How will tax reform impact the life sciences industry?

The comprehensive tax reform legislation passed by Congress in December 2017 is poised to significantly impact the life sciences industry. The Tax Cuts and Jobs Act (TCJA) affords life sciences companies numerous opportunities to positively impact their bottom line, so it’s critical to develop an understanding of the new tax rules and how they can be applied effectively.

Deducting the cost of new equipment

The cost of equipment can be quite expensive for companies in the research and development business, so receiving an immediate tax write-off for the cost of equipment is extremely beneficial to any company planning to expand its operations or add a new lab or clean room to its current operation. Under the new law, businesses may take 100 percent bonus depreciation on new or used tangible personal property with a recovery period of 20 years or less that is both acquired and placed into service after Sept. 27, 2017 and before Jan.1, 2023.

Property acquired before Sept. 28, 2017 and placed in service on or after Sept. 28, 2017 remains eligible for 50 percent bonus depreciation. Bonus depreciation is phased down 20 percent each year for property acquired and placed in service after Dec. 31, 2022 and before Jan. 1, 2027.

Another expensing provision that may be beneficial is the § 179 expensing allowance. This allows businesses to deduct the cost of qualifying equipment and software placed in service during the tax year. The new law increases the expense limitation to $1 million and the phase-out amount to $2.5 million for property placed in service in taxable years beginning after Dec. 31, 2017.

Both bonus depreciation and § 179 expensing may result in substantial present value tax savings for companies with plans to purchase new or used equipment.

New limitations on deducting business interest

The TCJA also added more rules related to deducting business interest. Under the new rules, most companies would not be allowed an interest deduction for amounts exceeding 30 percent of their adjusted taxable income.

Adjusted taxable income for years beginning before Jan. 1, 2022 is defined as taxable income calculated without regard to depreciation, amortization, business interest expense/income, net operating losses, items of income or loss not allocable to the trade or business and deductions for certain pass-through income.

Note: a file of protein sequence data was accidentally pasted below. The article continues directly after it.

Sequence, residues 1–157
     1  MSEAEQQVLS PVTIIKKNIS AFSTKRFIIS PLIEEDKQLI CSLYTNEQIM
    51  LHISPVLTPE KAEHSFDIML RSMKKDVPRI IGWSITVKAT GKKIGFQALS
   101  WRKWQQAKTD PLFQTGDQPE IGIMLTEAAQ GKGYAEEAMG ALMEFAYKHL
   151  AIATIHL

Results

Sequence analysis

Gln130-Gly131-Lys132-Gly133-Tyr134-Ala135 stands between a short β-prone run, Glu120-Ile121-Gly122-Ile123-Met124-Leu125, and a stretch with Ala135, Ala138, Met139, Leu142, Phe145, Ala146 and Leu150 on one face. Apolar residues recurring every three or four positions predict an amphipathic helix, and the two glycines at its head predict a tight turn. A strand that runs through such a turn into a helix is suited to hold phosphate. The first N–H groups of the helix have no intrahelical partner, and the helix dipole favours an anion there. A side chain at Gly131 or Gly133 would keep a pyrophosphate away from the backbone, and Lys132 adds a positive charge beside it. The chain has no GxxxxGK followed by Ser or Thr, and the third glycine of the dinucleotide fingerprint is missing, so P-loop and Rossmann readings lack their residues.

For tax years beginning on or after Jan. 1, 2022, the definition of adjusted taxable income is the same as previously described, other than the adjustment for depreciation and amortization.

The rule generally doesn’t apply to taxpayers who have less than $25 million of average annual gross receipts for the previous three years. For companies below the gross receipts threshold, the limitation on deducting business interest would not have any impact.

For those companies with average annual gross receipts exceeding $25 million, potential tax planning strategies exist to help reduce the impact of the interest limitation. For example, instead of financing an expansion through additional bank debt, companies may consider adding new equity investors instead. Adding investors would increase cash through equity contributions rather than debt.

Research and development credit opportunities

The TCJA also retained some important tax credits with the potential to favorably impact the bottom line, including the research and development (R&D) credit.

The R&D credit provides companies with an incentive to invest in innovation. The credit is available to companies that develop new products or processes or improve upon existing products or processes. Companies that qualify can claim wages, supplies and contract research costs associated with R&D projects and activities.

Certain start-up life sciences companies may also be eligible for the R&D credit payroll offset that was enacted as part of the Protecting Americans from Tax Hikes (PATH) Act of 2015. The R&D credit payroll offset allows eligible small businesses that have little or no income tax liability to offset the R&D credit against payroll taxes instead of incomes taxes. To qualify, a business must have gross receipts of less than $5 million for the current taxable year and no gross receipts for any taxable year preceding the

five-taxable-year period ending with the current taxable year. For example, to be eligible for the R&D credit payroll offset in 2017, a company must have had less than $5 million of gross receipts in 2017 and no gross receipts prior to 2013.

The election to claim the payroll tax credit must be made on a timely filed original tax return (including extensions). Up to $250,000 of annual federal R&D credits can be allocated against payroll tax liability, beginning in the first quarter after the filing of the income tax return.

Twenty percent deduction for certain pass-through income

The TCJA includes a rule allowing individuals, estates and trusts to claim a deduction equal to 20 percent of the domestic qualified business income from a partnership, S corporation or sole proprietorship. The deduction is generally subject to a limit based on either wages paid or wages paid plus a capital element.

This deduction will benefit many small businesses including start-up life sciences companies. Although the calculation appears to be relatively simple, it is an involved computation with many nuances, exceptions and areas where guidance is currently lacking and clarification is needed from Congress or the Treasury Department. As such, consult your tax advisor about how this may benefit your business.

Research and experimentation expenses